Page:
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Go Green for Well-being

green space is good for well-being

The 2010 U.S. Census reported 80.7 percent of the nation’s population currently lives in urban areas, and that number is only expected to rise. This urbanization has important implications for health and well-being. The director of the World Health Organization’s Center for Health Development, Dr. Jacob Kumaresan, stated “today’s urban environments can concentrate health risks and introduce new hazards.” So how can we combat urban health challenges?

A study done as a joint effort among Clemson University, Arizona State University and the USDA Forest Service looked at the relationship between green space and different components of well-being. The areas of well-being evaluated were physical, community, social, financial and purpose. Data from 2014 about park quantity, quality and accessibility in 44 U.S. cities was analyzed to assess the relationship with wellness, which was self-reported on a developed well-being index, while controlling for other typical geographic and socio-demographic influences.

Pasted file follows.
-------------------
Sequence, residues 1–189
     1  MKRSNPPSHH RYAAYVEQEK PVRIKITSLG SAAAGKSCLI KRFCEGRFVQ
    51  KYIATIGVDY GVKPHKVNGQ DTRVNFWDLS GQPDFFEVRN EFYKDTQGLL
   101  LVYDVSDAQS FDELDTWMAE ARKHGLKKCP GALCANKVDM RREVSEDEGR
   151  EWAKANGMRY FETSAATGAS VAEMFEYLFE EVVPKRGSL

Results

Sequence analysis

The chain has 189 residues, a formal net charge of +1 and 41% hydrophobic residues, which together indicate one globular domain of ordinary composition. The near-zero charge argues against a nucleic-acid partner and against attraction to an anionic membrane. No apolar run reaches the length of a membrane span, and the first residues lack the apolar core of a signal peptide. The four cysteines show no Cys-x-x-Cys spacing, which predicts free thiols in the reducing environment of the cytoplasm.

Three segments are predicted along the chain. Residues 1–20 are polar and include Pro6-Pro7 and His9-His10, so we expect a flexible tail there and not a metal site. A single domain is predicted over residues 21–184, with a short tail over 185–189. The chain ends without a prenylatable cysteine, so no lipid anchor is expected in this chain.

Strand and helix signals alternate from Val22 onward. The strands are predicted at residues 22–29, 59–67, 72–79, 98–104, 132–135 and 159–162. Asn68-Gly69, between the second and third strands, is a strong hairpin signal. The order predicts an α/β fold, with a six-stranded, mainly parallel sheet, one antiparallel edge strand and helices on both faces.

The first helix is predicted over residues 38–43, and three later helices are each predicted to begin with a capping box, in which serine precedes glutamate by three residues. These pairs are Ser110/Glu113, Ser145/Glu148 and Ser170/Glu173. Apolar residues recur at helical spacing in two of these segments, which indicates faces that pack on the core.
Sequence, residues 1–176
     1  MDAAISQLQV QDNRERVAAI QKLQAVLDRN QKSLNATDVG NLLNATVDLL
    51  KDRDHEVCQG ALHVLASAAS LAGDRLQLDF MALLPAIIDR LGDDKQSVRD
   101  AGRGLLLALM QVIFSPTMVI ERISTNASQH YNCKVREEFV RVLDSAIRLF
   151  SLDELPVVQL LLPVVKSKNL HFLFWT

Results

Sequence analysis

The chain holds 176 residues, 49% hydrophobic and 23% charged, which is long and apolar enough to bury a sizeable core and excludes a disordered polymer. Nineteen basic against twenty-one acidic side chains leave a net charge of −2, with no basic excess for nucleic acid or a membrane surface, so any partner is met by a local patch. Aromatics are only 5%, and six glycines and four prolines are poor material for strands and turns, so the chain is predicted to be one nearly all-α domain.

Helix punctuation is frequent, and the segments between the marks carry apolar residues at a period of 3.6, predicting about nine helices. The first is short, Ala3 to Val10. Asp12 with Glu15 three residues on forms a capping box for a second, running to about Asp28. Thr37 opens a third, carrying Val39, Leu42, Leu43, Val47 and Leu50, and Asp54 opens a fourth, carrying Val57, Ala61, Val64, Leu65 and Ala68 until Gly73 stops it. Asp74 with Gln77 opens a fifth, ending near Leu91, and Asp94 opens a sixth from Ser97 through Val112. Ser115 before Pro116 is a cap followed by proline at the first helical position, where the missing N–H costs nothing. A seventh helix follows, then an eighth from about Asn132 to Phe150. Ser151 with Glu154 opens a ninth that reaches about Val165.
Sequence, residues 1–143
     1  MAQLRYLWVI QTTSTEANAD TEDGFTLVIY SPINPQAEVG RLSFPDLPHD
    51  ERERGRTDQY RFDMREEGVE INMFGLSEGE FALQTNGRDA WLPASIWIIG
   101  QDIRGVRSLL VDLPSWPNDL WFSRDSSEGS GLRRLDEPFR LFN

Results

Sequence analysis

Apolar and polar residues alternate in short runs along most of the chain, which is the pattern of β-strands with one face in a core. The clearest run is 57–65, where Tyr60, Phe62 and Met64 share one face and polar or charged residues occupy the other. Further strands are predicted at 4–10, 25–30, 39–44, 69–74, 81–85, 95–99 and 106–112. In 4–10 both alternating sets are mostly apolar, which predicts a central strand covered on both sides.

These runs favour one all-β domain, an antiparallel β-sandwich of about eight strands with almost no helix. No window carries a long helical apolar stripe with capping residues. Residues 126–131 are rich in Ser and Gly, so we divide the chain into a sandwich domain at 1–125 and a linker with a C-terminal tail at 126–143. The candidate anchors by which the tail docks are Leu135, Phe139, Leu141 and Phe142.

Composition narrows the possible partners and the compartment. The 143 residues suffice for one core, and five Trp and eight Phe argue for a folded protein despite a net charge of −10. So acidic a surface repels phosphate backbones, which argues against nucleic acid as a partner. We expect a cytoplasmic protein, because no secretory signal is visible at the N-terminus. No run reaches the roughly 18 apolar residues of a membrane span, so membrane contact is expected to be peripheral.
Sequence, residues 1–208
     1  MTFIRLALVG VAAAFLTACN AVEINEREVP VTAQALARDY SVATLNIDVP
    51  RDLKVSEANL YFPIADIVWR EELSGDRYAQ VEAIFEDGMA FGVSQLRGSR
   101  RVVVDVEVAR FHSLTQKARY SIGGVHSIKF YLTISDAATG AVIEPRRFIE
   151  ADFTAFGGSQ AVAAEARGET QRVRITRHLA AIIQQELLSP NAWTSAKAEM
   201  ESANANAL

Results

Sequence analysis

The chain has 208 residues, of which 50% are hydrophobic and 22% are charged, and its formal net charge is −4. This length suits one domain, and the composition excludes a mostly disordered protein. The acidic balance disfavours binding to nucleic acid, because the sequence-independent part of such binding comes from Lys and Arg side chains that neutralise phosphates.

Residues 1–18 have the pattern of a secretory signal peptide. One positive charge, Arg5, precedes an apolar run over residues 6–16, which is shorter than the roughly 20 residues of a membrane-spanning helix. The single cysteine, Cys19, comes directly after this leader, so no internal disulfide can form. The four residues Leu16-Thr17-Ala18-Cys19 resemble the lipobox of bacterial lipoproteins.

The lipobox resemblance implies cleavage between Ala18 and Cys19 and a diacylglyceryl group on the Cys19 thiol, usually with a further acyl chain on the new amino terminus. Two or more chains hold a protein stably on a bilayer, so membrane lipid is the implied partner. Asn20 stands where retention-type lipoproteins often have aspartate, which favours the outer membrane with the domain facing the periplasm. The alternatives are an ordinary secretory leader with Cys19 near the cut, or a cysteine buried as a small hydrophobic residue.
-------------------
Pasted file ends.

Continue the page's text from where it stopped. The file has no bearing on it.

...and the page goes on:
The cities with the largest percentage of city area covered by public parks were among the strongest in overall well-being, which appeared to be driven by parks’ influence on physical and community well-being. The per capita spending on parks and accessibility to the parks (measured by the percentage of the city’s population within a half mile of a park) were also positively associated with well-being. Results showed that green space provides physical, psychological and social benefits to urban residents.

Take advantage of the green spaces near you and bring your kids for some playtime, take your dog for a walk or chat with neighbors. Getting out to enjoy your local park can positively impact overall wellbeing.

Written by: Haylee Kurtzweg, Wellness Workdays Dietetic Intern. Learn more about Wellness Workdays and our wellness program offerings by downloading our brochure.


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